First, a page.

# Calculating Factor of Safety

1. Apr 28, 2017

### AutumnBeds

1. The problem statement, all variables and given/known data

The 14mm diameter steel bolt with modulus of elasticity of 210GPa and modulus of rigidity of 85 GPa shown in the diagram below holds two components together. The thickness of the bolted interface of the components is 18mm. To 2 decimal places, for the given loading;

Assuming the ultimate tensile stress is 490MN/m2 and the ultimate shear stress is 290MN/m2 determine the factor of safety in operation.

Forces - http://imgur.com/mbTD0Xg

2. Relevant equations

Assuming the ultimate tensile stress is 490MN/m2 and the ultimate shear stress is 290MN/m2 determine the factor of safety in operation.

3. The attempt at a solution

I have resolves the forces and found the following

Direct Stress 35.12 Mpa
Tensile Stress 0.17 Mpa (I think something may be amiss here)
Sheet Stress 26.24 Mpa

But for the factor of safety the notes I have been given say to divide the UTS by the direct stress,

So 490/35.12 = 13.95 (seems rather high). But then do I repeat for the Ultimate sheer stress?

So again 290/35.12 = 8.26.

Then is the lower of the two value?

Any help is greatly appreciated.

2. Apr 29, 2017

### tech99

No one answered. I think you have two modes of failure, each having its own FoS. The lowest must be the relevant one.

3. Apr 29, 2017

4. May 1, 2017

### PhanthomJay

Bolts subjected to both shear and tension forces have allowable stresses governed by shear-tension interaction equations specified by applicable loads. The safety factor depends on what the results of the interaction equation show. It could be quite less than the safety factor for tension alone or shear alone. As requested, please show your work.

5. May 9, 2017

### AutumnBeds

6. May 10, 2017

### PhanthomJay

The terms 'direct' stress and 'tensile' stress need definition. Direct stress is tensile stress if no shear stresses exist. Tensile stress is the actual tensile stress on the bolt. In your first image, you are calculating the tensile stress, which you did correctly , except you transposed some numbers it should be 5734, you wrote 5374.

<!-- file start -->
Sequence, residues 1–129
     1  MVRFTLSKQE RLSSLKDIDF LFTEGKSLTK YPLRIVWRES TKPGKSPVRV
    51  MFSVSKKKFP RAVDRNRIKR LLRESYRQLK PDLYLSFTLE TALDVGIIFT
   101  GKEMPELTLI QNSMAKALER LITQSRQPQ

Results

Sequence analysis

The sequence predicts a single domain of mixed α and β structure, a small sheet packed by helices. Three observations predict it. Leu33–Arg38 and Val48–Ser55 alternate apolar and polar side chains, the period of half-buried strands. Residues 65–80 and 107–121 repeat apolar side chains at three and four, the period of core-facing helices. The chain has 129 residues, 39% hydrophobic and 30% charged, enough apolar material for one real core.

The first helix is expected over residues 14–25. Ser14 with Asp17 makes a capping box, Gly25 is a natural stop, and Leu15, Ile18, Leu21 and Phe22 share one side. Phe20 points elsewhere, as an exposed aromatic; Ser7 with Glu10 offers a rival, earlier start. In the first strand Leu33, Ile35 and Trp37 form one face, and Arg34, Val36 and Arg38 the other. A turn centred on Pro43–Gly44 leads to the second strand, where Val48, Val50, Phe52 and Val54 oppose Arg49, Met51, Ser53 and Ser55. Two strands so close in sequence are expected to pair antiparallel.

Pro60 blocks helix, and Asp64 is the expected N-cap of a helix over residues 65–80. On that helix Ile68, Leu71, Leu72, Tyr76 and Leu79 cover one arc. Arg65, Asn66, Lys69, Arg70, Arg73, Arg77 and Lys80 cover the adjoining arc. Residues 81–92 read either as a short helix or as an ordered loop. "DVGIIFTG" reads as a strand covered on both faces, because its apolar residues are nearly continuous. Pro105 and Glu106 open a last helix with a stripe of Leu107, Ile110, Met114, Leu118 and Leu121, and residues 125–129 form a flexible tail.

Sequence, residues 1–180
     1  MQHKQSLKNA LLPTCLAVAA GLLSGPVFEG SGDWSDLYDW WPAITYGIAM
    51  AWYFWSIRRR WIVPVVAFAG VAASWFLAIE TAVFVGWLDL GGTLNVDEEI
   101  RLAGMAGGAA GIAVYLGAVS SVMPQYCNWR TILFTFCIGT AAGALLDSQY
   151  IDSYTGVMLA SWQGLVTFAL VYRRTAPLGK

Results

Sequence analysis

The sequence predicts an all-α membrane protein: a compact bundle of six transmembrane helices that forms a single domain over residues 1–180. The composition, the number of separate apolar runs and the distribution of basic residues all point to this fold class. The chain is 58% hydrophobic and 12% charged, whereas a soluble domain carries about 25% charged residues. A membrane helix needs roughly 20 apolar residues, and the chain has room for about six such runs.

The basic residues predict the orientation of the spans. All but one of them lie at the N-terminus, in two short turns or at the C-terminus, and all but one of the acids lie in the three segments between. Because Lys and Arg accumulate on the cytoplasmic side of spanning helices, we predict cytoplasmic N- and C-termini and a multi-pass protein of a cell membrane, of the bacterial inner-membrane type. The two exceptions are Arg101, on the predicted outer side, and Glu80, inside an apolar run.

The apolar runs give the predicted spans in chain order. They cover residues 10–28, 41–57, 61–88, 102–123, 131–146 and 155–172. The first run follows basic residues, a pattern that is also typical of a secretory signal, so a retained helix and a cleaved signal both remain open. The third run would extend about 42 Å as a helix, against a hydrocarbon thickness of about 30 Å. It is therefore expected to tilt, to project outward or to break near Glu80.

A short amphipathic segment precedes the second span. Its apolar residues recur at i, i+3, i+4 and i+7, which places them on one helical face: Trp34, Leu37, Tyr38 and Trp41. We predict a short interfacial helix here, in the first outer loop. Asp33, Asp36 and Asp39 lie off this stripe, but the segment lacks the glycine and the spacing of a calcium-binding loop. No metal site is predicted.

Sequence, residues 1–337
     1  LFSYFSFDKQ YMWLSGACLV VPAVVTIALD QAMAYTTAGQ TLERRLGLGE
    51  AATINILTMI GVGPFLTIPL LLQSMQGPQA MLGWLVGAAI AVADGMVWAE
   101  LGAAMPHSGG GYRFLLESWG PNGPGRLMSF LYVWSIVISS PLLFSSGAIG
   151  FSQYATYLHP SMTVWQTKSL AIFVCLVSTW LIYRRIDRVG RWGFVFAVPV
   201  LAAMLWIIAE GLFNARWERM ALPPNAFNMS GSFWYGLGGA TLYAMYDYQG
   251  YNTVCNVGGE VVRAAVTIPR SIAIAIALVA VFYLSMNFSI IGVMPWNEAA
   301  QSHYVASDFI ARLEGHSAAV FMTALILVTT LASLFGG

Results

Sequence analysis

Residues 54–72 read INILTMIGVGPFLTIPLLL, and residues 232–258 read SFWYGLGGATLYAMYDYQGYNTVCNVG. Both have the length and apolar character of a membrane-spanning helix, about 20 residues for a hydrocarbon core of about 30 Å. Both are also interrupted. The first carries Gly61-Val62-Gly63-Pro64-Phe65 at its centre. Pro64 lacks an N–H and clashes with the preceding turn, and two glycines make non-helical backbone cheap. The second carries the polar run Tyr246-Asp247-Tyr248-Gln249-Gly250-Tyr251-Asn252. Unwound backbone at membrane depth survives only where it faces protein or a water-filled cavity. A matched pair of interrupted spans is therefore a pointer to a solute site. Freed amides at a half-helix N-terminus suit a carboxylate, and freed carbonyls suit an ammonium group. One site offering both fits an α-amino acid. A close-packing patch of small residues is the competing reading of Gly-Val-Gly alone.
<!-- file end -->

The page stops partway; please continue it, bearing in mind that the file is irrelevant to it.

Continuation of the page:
In the 2nd image, you are calculating tensile strain, not stress, and strain is a dimensionless number. I am unsure why you are doing this, though.

In the third image, you have calculated the shear stress correctly.

Now in the 4th image, you calculate a safety factor for tension stress and a safety factor for shear stress, and both are rather large safety factors, but you really can't look at the overall safety factor of the bolt without calculating the effects of both tensile and shear loads applied at the same time, because the shear stress reduces the allowable tensile stress in the bolt, using a combined tension and shear stress formula to determine the allowable tensile stress. Only then can you calculate the safety factor, which will be the lowest of the 3 safety factors so calculated. Are you familiar with combined shear and tension stress formulas? I suspect that the safety factor for shear alone will control, because your actual stresses are rather low, but generally speaking, when shear and tensile stresses are high, the combined stress safety factor will be a lot less than the individual tension and shear alone safety factors.

7. May 10, 2017

### AutumnBeds

Thanks,

1. Will redo the calculation and transpose the numbers correctly

2. This most likely just a written error on my behalf

3. Thanks - occasionally I get things correct.

4. No - nothing in the course notes gives guidance on the using the columbines stresses to calculate the fos. If you can offer any guidance on this I would be grateful.

Thanks again.

8. May 11, 2017

### PhanthomJay

I
If it's not in your notes, I guess they are not looking for a combined stress formula, which probably isn't necessary on this problem where stresses are rather low and shear alone safety factor controls.
A combined stress formula for bolts might look like ( approxomTely...don't use it at face value $F_t = 1.3 F_u - 5 f_v </= F_u$ where
F_u = max direct tensile syress at failure
F_t = max allowed tensile failure stress
f_v = applied shear load shear stress

If stresses are low then individual shear or tension safety factors control, but when stresses are high, the combined stress governs and must be used.

Last edited: May 12, 2017